Data integration to prioritize drugs using genomics and curated data

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Louhimo , R I , Laakso , M , Belitskin , D , Klefstrom , J , Lehtonen , R & Hautaniemi , S 2016 , ' Data integration to prioritize drugs using genomics and curated data ' , BioData mining , vol. 9 , 21 .

Title: Data integration to prioritize drugs using genomics and curated data
Author: Louhimo, Riku i; Laakso, Marko; Belitskin, Denis; Klefstrom, Juha; Lehtonen, Rainer; Hautaniemi, Sampsa
Contributor organization: Research Programs Unit
Genome-Scale Biology (GSB) Research Program
Translational Cancer Biology (TCB) Research Programme
Juha Klefström / Principal Investigator
Sampsa Hautaniemi / Principal Investigator
Lauri Antti Aaltonen / Principal Investigator
Date: 2016-05-26
Language: eng
Number of pages: 13
Belongs to series: BioData mining
ISSN: 1756-0381
Abstract: Background: Genomic alterations affecting drug target proteins occur in several tumor types and are prime candidates for patient-specific tailored treatments. Increasingly, patients likely to benefit from targeted cancer therapy are selected based on molecular alterations. The selection of a precision therapy benefiting most patients is challenging but can be enhanced with integration of multiple types of molecular data. Data integration approaches for drug prioritization have successfully integrated diverse molecular data but do not take full advantage of existing data and literature. Results: We have built a knowledge-base which connects data from public databases with molecular results from over 2200 tumors, signaling pathways and drug-target databases. Moreover, we have developed a data mining algorithm to effectively utilize this heterogeneous knowledge-base. Our algorithm is designed to facilitate retargeting of existing drugs by stratifying samples and prioritizing drug targets. We analyzed 797 primary tumors from The Cancer Genome Atlas breast and ovarian cancer cohorts using our framework. FGFR, CDK and HER2 inhibitors were prioritized in breast and ovarian data sets. Estrogen receptor positive breast tumors showed potential sensitivity to targeted inhibitors of FGFR due to activation of FGFR3. Conclusions: Our results suggest that computational sample stratification selects potentially sensitive samples for targeted therapies and can aid in precision medicine drug repositioning. Source code is available from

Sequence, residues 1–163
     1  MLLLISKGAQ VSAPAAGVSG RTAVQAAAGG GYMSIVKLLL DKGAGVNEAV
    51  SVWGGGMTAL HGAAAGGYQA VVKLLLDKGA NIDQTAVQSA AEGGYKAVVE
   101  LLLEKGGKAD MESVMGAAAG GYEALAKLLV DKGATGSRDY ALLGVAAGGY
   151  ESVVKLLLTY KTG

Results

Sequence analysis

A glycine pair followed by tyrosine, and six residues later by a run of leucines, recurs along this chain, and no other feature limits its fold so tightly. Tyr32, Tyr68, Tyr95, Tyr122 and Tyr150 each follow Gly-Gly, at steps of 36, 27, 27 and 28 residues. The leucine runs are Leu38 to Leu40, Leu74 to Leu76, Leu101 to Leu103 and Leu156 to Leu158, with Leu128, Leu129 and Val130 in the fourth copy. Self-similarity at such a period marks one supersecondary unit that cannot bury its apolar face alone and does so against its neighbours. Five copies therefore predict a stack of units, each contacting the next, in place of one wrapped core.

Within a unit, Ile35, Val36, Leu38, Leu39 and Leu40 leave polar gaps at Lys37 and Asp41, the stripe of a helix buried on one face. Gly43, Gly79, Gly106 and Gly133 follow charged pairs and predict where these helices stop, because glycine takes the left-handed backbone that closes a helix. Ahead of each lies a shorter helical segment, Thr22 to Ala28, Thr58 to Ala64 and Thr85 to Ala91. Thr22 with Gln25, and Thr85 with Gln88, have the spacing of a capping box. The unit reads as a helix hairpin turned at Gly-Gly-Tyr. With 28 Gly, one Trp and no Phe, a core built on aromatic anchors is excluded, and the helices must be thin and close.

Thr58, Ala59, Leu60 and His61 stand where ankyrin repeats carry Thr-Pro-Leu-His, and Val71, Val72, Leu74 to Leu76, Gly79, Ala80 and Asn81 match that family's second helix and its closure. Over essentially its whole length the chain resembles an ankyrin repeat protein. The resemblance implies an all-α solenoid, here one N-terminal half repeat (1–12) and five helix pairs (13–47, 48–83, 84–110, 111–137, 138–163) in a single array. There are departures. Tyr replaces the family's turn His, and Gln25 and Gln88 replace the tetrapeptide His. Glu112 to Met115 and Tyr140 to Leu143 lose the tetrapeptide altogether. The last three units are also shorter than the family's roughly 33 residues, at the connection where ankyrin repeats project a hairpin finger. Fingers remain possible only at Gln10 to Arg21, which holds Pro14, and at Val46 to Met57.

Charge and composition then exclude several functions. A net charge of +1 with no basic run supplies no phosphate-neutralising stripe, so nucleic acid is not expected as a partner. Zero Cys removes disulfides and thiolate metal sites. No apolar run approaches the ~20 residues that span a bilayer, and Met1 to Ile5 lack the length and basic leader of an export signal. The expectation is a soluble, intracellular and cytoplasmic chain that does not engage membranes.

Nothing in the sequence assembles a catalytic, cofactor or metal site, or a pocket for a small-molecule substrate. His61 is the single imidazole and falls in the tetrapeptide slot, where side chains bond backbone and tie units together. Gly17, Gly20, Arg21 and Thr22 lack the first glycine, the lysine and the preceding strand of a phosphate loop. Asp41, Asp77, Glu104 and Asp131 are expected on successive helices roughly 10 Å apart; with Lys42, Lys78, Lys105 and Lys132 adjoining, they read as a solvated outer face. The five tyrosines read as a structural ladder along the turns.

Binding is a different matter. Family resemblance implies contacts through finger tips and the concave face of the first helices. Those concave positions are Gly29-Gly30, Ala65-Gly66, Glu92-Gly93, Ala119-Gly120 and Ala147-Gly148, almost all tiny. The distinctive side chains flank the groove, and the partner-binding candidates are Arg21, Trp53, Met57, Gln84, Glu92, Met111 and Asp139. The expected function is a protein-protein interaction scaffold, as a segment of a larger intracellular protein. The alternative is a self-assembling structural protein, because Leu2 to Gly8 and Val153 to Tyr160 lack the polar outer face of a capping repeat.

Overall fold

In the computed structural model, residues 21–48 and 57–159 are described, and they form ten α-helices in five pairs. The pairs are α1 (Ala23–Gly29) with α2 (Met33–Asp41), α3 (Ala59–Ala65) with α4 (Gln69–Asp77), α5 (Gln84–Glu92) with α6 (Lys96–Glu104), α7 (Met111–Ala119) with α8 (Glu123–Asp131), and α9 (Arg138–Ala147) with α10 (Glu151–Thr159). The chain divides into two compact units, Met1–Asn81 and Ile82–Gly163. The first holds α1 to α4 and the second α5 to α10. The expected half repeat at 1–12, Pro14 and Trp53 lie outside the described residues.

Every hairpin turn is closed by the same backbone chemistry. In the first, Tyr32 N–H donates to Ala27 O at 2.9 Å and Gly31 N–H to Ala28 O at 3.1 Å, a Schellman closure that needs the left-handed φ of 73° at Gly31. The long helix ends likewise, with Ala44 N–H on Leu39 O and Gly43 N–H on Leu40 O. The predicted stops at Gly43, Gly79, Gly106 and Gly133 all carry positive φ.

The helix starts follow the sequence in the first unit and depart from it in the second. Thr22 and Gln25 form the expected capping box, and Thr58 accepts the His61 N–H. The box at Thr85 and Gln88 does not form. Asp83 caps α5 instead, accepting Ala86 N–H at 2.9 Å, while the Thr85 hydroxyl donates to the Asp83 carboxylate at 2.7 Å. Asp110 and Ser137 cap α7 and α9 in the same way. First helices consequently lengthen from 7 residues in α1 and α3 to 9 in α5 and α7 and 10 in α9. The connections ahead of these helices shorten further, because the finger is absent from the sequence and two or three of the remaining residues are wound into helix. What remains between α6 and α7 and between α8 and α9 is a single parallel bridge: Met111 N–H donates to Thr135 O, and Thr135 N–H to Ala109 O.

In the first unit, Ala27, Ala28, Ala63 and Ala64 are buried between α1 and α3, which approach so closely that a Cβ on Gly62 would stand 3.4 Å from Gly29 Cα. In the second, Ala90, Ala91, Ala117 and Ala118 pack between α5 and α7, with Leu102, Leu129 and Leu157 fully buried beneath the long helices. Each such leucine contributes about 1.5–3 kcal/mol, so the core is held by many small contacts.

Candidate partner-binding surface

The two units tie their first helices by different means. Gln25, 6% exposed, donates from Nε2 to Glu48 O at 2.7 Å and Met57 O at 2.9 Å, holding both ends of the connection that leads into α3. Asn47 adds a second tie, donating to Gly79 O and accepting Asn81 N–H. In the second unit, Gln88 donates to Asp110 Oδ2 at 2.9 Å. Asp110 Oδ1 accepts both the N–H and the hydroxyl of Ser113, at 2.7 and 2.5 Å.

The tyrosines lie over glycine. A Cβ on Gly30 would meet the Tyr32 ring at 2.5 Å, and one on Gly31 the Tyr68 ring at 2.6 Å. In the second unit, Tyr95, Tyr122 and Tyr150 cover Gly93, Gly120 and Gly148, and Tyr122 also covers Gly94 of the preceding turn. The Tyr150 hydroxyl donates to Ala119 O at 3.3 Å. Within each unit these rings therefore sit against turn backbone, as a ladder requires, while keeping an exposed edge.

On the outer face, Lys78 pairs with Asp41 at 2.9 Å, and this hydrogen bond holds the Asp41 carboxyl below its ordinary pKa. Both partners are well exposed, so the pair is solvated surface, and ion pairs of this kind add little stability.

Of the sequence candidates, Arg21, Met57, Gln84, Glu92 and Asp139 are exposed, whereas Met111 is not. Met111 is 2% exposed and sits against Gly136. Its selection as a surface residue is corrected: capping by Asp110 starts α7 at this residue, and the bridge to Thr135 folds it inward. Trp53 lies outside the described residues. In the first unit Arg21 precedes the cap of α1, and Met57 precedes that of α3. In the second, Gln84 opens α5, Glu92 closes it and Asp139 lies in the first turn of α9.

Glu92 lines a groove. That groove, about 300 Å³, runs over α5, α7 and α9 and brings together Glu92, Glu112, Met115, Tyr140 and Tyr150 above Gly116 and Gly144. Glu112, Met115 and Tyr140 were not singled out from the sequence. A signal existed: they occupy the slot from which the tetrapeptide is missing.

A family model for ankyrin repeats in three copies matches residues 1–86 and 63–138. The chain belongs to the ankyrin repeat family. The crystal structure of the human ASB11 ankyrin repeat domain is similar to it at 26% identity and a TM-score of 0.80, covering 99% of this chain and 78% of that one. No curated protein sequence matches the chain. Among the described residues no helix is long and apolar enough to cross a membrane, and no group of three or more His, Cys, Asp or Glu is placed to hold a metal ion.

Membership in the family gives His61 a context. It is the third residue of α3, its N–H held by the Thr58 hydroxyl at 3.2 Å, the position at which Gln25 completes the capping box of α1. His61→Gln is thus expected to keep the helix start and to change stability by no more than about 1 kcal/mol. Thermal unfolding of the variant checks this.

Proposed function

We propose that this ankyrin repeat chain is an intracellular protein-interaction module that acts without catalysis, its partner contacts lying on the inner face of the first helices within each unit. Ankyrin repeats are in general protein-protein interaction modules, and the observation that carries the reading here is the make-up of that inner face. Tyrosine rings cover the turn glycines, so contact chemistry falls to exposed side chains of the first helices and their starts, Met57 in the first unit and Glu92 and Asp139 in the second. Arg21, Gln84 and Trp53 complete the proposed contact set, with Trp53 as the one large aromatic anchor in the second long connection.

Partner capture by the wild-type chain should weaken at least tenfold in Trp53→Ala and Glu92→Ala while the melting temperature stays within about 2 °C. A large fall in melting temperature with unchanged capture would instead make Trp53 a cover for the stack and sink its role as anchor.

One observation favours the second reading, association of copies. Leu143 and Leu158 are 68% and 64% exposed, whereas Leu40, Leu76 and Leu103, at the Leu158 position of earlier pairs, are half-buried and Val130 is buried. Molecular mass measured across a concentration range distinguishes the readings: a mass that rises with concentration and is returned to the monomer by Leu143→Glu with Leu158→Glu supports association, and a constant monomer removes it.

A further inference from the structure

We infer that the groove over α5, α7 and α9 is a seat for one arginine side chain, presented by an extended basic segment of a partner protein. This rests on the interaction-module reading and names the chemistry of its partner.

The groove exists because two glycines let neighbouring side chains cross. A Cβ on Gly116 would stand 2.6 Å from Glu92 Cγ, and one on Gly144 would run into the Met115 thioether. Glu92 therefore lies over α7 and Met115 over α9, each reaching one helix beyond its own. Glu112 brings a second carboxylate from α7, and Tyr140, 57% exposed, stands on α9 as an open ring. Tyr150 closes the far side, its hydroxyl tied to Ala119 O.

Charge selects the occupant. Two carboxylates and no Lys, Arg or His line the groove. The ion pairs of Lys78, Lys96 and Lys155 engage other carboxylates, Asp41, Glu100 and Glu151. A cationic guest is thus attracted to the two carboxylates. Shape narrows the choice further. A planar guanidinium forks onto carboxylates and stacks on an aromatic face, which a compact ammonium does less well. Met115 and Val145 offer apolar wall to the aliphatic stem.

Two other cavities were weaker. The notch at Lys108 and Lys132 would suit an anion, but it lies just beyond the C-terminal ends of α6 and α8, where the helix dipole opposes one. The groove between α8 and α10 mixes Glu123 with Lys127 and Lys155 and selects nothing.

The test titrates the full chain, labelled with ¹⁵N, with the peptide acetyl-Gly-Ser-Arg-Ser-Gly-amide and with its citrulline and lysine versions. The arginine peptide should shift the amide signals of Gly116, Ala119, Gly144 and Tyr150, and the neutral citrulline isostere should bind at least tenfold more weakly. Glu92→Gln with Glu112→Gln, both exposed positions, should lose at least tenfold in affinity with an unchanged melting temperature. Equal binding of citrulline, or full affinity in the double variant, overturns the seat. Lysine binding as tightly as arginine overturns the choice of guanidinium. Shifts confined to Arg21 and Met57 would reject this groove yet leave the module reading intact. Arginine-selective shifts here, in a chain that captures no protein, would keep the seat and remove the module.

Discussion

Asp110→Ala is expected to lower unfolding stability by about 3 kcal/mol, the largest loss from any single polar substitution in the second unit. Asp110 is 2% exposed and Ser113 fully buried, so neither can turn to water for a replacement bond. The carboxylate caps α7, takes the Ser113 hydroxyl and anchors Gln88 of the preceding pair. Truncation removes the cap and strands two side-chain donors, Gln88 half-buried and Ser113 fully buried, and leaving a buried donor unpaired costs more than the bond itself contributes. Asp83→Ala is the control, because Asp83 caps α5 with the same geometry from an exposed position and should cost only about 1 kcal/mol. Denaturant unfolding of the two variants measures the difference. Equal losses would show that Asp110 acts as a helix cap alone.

Subject: Data integration
Drug prioritization
Gene ontology
Breast cancer
3111 Biomedicine
Peer reviewed: Yes
Rights: cc_by
Usage restriction: openAccess
Self-archived version: publishedVersion

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